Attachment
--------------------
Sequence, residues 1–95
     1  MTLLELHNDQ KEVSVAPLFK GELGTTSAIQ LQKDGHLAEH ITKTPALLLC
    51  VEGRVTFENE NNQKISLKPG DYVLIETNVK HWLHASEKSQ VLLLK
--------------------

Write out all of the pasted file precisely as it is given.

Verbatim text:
Sequence, residues 1–95
     1  MTLLELHNDQ KEVSVAPLFK GELGTTSAIQ LQKDGHLAEH ITKTPALLLC
    51  VEGRVTFENE NNQKISLKPG DYVLIETNVK HWLHASEKSQ VLLLK